By Mark Peikert
Over the show's 90 minutes, the characters' S&M-laced tension continues to mount, a development that wasn't immediately apparent to Dancy when he read the script. "Clearly, that's the topic," he says. "But that's not what came across to me. So it kind of shocked me when people said, 'Oh, you're doing that? It's so hot!' But what the hell, that's great. I'll roll with it." (For his part, Bobbie remembers set designer John Lee Beatty turning to him after a run-through and saying, "Shouldn't you be a little ashamed of yourself?")
Dancy has never coasted on his good looks and charisma (if you can see past his leading-man turn in the 2009 bubbly rom-com Confessions of a Shopaholic), particularly in his stage work. And his eagerness to travel to uneasy places was what struck Bobbie the most in his audition for Venus. "He went from being a brutal, fierce intellectual to being a submissive wife begging to be killed," Bobbie recalls. "He's fearless. I think his sexuality is so clear to him that he's not intimidated to examine every aspect of the role."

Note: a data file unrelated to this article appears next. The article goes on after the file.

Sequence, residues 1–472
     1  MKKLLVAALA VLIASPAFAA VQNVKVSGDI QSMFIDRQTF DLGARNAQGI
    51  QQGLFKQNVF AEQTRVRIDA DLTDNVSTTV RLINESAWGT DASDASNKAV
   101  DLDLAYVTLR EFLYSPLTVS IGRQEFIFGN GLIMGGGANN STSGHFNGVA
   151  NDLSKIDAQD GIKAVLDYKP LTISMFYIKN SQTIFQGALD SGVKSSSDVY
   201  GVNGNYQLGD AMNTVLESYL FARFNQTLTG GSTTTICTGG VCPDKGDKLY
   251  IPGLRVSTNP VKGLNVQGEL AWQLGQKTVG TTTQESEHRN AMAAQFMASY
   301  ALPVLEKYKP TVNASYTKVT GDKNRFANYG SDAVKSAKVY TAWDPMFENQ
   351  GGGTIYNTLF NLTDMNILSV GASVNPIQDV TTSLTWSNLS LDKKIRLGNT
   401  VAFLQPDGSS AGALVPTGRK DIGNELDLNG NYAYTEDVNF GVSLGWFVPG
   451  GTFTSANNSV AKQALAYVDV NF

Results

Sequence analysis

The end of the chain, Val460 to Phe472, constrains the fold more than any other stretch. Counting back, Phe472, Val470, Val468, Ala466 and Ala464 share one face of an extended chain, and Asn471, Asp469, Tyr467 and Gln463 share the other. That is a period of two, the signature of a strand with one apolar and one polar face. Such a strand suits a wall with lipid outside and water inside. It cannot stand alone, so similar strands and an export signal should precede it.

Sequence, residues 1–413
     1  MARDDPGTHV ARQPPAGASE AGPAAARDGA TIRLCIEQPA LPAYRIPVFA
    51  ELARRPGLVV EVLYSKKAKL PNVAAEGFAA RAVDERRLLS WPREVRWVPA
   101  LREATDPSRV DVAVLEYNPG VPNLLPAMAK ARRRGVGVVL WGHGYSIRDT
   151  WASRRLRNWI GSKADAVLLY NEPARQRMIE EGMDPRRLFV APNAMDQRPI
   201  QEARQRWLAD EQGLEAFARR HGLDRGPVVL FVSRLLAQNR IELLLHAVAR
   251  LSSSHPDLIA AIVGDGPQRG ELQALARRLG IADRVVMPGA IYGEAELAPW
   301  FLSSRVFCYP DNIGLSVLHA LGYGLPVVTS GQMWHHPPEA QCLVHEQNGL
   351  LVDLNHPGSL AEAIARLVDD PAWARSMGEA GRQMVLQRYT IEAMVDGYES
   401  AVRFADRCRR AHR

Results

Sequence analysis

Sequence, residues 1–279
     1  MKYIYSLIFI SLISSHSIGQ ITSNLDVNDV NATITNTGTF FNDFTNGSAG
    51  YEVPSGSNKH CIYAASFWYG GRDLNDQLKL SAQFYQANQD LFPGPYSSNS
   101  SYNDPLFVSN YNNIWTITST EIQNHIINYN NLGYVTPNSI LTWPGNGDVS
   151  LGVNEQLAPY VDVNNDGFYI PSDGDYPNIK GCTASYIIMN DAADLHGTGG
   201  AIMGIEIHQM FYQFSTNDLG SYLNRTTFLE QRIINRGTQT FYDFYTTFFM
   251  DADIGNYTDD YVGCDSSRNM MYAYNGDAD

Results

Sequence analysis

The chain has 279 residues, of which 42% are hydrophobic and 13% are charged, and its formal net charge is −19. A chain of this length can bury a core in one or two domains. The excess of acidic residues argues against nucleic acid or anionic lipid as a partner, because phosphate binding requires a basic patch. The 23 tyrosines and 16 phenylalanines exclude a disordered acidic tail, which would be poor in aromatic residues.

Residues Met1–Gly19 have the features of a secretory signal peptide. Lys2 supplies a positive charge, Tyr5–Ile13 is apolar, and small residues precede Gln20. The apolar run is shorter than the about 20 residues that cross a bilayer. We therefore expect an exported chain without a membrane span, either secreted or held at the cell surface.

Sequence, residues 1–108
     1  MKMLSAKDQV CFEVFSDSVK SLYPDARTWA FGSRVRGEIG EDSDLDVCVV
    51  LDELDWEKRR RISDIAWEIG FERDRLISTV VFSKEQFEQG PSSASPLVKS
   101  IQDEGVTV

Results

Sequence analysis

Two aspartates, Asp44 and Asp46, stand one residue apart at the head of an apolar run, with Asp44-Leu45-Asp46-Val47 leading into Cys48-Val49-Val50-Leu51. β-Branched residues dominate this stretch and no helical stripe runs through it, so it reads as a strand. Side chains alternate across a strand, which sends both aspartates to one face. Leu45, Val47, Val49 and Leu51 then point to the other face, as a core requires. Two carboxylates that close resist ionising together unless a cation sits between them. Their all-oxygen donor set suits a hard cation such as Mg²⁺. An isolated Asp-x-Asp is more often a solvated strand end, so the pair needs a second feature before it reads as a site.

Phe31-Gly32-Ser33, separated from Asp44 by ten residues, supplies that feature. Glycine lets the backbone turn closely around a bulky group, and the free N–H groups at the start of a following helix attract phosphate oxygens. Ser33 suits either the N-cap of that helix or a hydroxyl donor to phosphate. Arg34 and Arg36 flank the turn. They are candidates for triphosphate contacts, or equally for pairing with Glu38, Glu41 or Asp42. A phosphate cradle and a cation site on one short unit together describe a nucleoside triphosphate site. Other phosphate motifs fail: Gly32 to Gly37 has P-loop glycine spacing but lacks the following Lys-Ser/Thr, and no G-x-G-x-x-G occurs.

Despite a history of playing gay characters, Dancy's main requirement when it comes to choosing his projects is the script. "[A character’s sexuality isn't] a factor in whether I'll do a role or not," he says. "If something like this comes up and it's a great character, I'll want to do it. Basically, I'll ask myself, What are the reasons I shouldn't do this? And when you look around and you realize you can't really find any, then you have to do it." He pauses and grins. "Or when the only reasons are I'm having a nice time and I'd like to just sit around."
Venus in Fur opens November 8 at New York City’s Samuel J. Friedman Theatre.